I’m having anxious feelings with another new Rancid album release looming. I just don’t want be hurt again. I’ve ranked their albums from worst to best to reflect on what makes for a good Rancid album. I only counted studio full-lengths on this list; no EPs, splits, side projects, etc.
8. Let the Dominoes Fall
Definitely a low point for Rancid. I remember waiting 6 long years for Rancid to make a new album, only to realize that I had changed so much in that time and Rancid hadn’t. It sounds like a b-sides album (Rancid’s actual b-sides album is awesome), filled with songs that would fit in their other albums but just weren’t good enough. They try a few acoustic songs on this one, they aren’t that good, that’s the only thing that sticks out as different on this album.
Fav. Songs: New Orleans, Last One To Die
7. Honor Is All We Know
Fav. Songs: Evil’s My Friend, Honor Is All We Know
6. S/T (1993)
The only studio LP without Lars, this album has busier bass parts to fill out Tim’s sparse guitar work, giving the whole album a different sound than the others. Though not as polished as the other Rancid LPs, the album has a completely unique sound to it.
Fav. Songs: Adina, Rats in the Hallway, Rejected
Everybody jumped ship on Rancid with this album. At this point they each had dozens of side projects, and were appearing in Good Charlotte music videos; but despite all this the album undeniably good. Some familiar territory is charted, with the G.B.H. like ‘Out Of Control’, and the ‘Out Come The Wolves’-like ‘Otherside’, but the band steps out of their comfort zone with a bunch of organ lead soulful break up songs. This aspect is probably what alienated so many listeners, but I think it’s just another example of Rancid reinventing themselves and staying interesting. If you’re new to Rancid, don’t listen to the hype, this is a good album that you should eventually listen to. A word of caution, a skinhead named Rob does a rap in one song.
Fav. Songs: Tropical London, Travis Bickle, Born Frustrated
4. Let’s Go
‘Let’s Go’ is the first Rancid album that had songs that could conceivably transcend the punk community and reach a wider audience. ‘Radio’, ‘Salvation’, ‘Nihilism’ were all minor hits. The songs have a more of a street-punk vibe, with a lot of ‘heys’ and gang vocal choruses. ‘Tenderloin’ is the best song Matt Freeman sings, ‘St. Mary’ is one of the best Lars Frederiksen lead tracks in the cannon. The only flaw of the album is at 23 tracks, with limited variety, some of the songs start to sound the same.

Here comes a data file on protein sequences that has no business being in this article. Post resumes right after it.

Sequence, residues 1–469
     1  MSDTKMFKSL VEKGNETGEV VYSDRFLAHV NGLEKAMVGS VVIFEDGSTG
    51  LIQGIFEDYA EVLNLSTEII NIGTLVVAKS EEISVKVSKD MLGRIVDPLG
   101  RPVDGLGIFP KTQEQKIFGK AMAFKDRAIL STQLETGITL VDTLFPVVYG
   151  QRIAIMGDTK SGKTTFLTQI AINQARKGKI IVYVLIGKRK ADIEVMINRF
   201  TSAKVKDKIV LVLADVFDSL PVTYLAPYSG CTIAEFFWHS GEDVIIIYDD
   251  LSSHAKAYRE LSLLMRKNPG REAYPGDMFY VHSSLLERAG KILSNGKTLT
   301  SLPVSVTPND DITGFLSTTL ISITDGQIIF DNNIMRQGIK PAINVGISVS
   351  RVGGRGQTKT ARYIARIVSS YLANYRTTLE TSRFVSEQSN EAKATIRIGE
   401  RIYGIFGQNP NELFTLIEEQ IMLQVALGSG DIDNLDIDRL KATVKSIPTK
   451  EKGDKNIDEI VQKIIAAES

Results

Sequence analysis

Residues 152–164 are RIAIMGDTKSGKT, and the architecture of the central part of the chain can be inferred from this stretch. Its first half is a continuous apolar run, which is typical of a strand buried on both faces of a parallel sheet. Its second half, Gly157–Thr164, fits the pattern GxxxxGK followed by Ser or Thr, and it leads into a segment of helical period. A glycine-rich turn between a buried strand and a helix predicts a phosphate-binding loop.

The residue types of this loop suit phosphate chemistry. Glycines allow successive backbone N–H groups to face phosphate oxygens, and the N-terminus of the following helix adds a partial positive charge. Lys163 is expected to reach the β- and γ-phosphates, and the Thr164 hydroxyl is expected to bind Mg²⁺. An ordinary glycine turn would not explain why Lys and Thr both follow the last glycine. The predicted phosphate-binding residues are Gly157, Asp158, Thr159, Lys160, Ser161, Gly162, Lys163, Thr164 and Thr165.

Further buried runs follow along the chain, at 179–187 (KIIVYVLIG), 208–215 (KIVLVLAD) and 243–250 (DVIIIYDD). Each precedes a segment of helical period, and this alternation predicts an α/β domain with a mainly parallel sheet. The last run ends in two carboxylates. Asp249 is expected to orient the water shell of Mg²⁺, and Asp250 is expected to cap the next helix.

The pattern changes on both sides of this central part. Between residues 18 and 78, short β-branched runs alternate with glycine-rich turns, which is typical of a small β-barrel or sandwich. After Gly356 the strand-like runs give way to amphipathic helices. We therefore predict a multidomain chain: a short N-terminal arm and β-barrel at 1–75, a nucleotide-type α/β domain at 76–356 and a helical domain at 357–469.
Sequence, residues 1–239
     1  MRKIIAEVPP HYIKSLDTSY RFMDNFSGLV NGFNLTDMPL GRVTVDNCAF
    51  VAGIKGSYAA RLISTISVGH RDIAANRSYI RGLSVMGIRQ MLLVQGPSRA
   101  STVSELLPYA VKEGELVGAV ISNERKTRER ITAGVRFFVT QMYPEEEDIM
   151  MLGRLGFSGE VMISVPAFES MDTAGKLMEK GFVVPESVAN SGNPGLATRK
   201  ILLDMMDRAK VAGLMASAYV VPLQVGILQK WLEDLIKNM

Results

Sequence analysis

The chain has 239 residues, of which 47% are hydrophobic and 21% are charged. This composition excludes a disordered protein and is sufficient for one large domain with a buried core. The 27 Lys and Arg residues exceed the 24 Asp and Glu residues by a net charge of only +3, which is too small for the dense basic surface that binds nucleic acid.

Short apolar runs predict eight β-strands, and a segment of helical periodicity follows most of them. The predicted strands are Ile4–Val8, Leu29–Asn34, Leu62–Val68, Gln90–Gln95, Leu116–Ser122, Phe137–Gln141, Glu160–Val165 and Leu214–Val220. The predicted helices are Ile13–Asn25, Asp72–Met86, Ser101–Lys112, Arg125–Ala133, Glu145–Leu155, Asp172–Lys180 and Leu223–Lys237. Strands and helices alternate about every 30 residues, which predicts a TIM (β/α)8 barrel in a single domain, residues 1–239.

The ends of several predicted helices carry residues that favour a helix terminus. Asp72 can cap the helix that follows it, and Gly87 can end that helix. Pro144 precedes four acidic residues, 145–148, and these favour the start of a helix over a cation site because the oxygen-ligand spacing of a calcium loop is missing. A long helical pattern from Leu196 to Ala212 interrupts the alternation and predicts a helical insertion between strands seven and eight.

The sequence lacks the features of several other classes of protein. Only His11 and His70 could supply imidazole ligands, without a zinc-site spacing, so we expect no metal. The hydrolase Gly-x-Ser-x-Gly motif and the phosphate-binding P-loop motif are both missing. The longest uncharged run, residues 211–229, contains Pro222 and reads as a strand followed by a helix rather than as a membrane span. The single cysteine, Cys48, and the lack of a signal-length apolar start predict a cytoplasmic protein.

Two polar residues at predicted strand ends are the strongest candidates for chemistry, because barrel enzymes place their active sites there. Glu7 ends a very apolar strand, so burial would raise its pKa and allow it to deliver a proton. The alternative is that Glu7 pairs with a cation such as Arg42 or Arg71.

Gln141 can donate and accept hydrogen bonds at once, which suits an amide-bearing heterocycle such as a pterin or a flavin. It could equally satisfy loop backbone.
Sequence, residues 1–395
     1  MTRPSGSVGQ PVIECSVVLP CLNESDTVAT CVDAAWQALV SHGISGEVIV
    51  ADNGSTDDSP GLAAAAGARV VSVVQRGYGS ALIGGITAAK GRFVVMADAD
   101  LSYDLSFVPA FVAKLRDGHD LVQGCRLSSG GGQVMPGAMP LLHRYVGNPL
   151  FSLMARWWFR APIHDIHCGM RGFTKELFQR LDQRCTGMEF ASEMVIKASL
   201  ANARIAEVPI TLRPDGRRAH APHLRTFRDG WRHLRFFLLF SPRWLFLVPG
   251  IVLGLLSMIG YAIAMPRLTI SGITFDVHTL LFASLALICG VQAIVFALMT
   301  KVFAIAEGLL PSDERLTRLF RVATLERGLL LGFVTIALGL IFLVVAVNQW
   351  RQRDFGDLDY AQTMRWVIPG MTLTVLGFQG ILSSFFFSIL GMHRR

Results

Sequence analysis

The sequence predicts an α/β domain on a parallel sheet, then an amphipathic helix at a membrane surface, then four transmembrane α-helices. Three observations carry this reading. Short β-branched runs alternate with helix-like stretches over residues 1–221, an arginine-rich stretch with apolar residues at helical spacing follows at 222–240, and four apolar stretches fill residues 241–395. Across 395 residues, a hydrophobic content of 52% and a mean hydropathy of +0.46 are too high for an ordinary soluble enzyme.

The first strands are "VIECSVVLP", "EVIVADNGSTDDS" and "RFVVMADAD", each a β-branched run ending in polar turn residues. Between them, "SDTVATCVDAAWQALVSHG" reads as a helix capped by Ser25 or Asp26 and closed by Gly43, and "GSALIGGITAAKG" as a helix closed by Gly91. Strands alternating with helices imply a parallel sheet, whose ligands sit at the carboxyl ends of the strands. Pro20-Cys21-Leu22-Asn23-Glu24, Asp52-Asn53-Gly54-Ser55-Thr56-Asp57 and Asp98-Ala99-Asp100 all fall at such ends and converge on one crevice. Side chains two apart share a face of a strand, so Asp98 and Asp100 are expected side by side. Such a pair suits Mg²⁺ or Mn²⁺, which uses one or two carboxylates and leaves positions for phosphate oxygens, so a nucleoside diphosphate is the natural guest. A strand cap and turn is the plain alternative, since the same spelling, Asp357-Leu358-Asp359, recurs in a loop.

Fav. Songs: St. Mary, Tenderloin, Dope Sick Girl
3. S/T (2000)
On Rancid’s 3rd self-titled release they reinvent their sound channelling UK-82 second wave punk. At first glance, the opening track ‘Don Giovanni’ appears to be Tim screaming ‘Enemies! Like Don Giovanni!’ ten times and then ending; I now see as a sort of flag, letting the listener know this album is going to be an inward turn back to their punk roots. Rancid manage to find plenty of variety in the corner they’ve backed into; from the almost singles ‘Let Me Go’ and ‘Radio Havana’, to the pissed off howls of ‘I Am Forever’ and ‘Loki’. Rather than try to write a catchier ‘Time Bomb’, or regress outwardly with their own ‘Sandinista!’, Rancid made album without radio singles, filled with minute long rippers.
Fav. Songs: Not To Regret, It’s Quite Alright, Young Al Capone
2. …And Out Come The Wolves
There’s not much I can say about this one that hasn’t been repeated ad nauseam. All of Rancid’s most popular songs are on it, and every song is essential. Don’t just skim the singles on this one, ‘Lock, Step & Gone’, ’11th Hour’, and ‘Olympia WA’ are just as classic as ‘Ruby Soho’ and ‘Time Bomb’. This is a good first Rancid album to listen to. Also, the first song has the best bass solo ever.
Fav. Songs: Maxwell Murder, Listed MIA, The 11th Hour
1. Life Won’t Wait
Rancid were under a lot of pressure after the commercial success of ‘…And Out Come The Wolves’, instead of writing a watered down pop record, they synthesize various elements of world protest music with their brand of punk. While AOCTW was primarily autobiographical, ‘Life Won’t Wait’ shows Rancid taking the perspective of third world refugees, lumpenproletariat criminals, and striking coal miners. It wasn’t an easy album to digest, at first listen I didn’t like it. But each song on this is a passage to a whole other world of music, and can act as a ladder for the listener. While the thick reggae of the title track isn’t as catchy as ‘Time Bomb’, it has more depth and a more profound message. This is not only the best Rancid album, but a contender for best album of all-time, but don’t listen to this album first.
Fav. Songs: Life Won’t Wait, New Dress, Black Lung
Fingers crossed for the new Rancid album, here’s a playlist until then: